Updated U.S. HIV treatment guidelines call for HIV treatment for all

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The U.S. Department of Health and Human Services (HHS) released updated HIV treatment guidelines on March 27 which, among other things, maintain that all people living with HIV in the U.S. are now eligible to receive antiretroviral therapy (ART), regardless of CD4 cell count. Previous guidance recommended ART for those HIV-infected with a CD4 cell count at or below 350, as well as between 350 and 500, but did not have a recommendation for those with a CD4 count above 500.

“This revised recommendation is based on a growing body of evidence demonstrating the harmful effects of ongoing HIV replication and on the results of the [HIV Prevention Trials Network (HPTN)] 052 study,” said Charles B. Hicks, MD, from Duke University Medical Center in an article for Journal Watch AIDS Clinical Care. HPTN 052 demonstrated that ART reduces the likelihood of HIV transmission to an uninfected sexual partner by 96 percent. In the guidelines, the Prevention of Secondary HIV Transmission section is updated to reflect the HPTN 052 study and the role of ART in reducing transmission.

“Although not new, the more enthusiastic endorsement of ART for all reflects a recognition of the range of benefits of treatment coupled with longer-term safety and tolerability data on contemporary ART regimens,” Hicks said.

Whether or not this U.S. guideline change could spur new global policy recommendations on ART eligibility from the World Health Organization has clinicians, advocates and health ministries wondering.  The World Health Organization (WHO) was reportedly poised to issue guidance recommending ART for HIV-infected persons, regardless of CD4 count, in stable heterosexual partnerships at the International AIDS Society conference in Rome in July, but the agency pulled the recommendations at the last minute to consider other issues and, potentially, populations.

The treatment recommendation has various “strengths” (A = Strong, B = Moderate, C = Optional; I = data from randomized controlled trials, II = data from well-designed nonrandomized trials or observational cohort studies with long-term clinical outcomes, III = expert opinion), determined by the patient’s CD4 count before treatment initiation:

  • CD4 count <350 cells/mm3 (AI)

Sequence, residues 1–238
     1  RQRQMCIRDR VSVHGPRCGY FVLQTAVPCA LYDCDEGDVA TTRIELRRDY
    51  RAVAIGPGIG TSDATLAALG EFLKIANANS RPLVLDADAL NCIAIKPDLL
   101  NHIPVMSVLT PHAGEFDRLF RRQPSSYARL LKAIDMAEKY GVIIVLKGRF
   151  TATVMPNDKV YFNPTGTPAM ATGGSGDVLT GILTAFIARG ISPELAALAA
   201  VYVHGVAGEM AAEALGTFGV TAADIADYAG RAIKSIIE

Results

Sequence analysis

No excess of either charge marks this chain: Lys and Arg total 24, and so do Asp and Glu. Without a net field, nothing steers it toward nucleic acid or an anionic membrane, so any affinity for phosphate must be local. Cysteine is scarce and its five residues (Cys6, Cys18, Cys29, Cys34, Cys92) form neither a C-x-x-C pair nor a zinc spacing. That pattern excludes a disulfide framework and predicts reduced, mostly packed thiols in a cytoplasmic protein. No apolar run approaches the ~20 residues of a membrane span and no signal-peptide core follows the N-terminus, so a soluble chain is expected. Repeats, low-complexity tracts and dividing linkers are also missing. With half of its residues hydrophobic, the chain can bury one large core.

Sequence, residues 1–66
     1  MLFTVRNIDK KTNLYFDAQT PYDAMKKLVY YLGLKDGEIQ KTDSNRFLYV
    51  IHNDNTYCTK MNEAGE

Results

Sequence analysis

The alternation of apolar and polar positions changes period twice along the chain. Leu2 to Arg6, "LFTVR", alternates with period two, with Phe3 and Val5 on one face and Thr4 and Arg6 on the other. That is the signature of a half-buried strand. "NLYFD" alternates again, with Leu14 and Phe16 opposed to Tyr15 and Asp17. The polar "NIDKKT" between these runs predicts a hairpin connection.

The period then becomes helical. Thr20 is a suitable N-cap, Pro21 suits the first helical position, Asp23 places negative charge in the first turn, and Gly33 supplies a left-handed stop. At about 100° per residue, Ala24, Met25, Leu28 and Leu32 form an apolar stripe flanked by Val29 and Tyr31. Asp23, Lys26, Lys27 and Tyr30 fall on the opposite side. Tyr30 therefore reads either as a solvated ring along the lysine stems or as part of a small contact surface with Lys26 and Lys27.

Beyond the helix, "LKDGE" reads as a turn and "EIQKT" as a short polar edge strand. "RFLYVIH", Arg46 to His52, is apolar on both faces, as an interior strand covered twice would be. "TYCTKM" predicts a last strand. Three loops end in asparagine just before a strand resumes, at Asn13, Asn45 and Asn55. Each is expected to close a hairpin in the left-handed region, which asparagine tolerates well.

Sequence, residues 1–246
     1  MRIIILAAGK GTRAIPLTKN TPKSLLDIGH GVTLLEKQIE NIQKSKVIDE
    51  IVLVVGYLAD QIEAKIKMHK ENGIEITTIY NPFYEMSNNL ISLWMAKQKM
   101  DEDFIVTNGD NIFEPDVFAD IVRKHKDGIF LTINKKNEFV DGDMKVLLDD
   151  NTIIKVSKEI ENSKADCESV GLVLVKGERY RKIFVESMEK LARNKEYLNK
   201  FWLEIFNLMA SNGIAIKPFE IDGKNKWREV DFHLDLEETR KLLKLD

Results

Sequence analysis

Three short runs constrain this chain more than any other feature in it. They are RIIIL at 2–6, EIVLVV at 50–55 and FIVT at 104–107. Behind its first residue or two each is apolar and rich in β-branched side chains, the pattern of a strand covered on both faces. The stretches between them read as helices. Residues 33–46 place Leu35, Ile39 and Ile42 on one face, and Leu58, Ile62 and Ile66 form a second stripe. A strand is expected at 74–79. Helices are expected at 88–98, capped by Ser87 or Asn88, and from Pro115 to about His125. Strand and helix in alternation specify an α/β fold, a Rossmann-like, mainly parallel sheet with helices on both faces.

• CD4 count 350 to 500 cells/mm3 (AII)
  • CD4 count >500 cells/mm3 (BIII)

The guidelines also strongly recommend ART treatment regardless of CD4 cell count for HIV-infected persons who are pregnant (AI), have a history of an AIDS-defining illness (AI), have HIV-associated nephropathy (AII), or are co-infected with hepatitis B virus (AII).  Providers are encouraged to offer ART to patients at risk of transmitting the virus to their sexual partners (AI [heterosexuals] or AIII [other transmission risk groups]). 

The guidelines also included a new section on managing HIV in older patients as well as a new drug cost table that breaks down the 2012 monthly average wholesale price (AWP) for both generic and brand-named HIV drugs approved by the U.S. Food and Drug Administration, including fixed-dose combinations.

The guidance contains updated recommendations on when to initiate ART in HIV-infected patients diagnosed with tuberculosis (TB) who are not on ART to take into account recent trial data demonstrating a survival benefit when ART is initiated during TB treatment rather than after, and when ART is initiated within two weeks of TB treatment for those with a CD4 count less than 50. Those with CD4 counts greater than 50 determined to have clinical TB disease of “major severity” are recommended to start ART within two to four weeks of starting TB treatment; and those with CD4 greater than 50  who are healthy can be delayed beyond two to four weeks but should begin ART by weeks eight to 12 of TB treatment.

Guidance on co-administration of new hepatitis C drugs (protease inhibitors) with ART is also included. “A central concern with these important additions to the hepatitis C treatment arsenal is their drug-drug interaction profiles,” said reporter Tim Horn in an article on AIDSmeds.com. “As these drugs are broken down, or metabolized, via the same pathways as many HIV medications, the likelihood of interactions—resulting in reduced treatment efficacy and a higher risk of side effects—is significant.” The guidelines recommend using the Hep C drug telaprevir (Incivek) instead of boceprevir (Victrelis) when antiretroviral regimens that include ritonavir-boosted atazanavir or efavirenz are being used to treat HIV.

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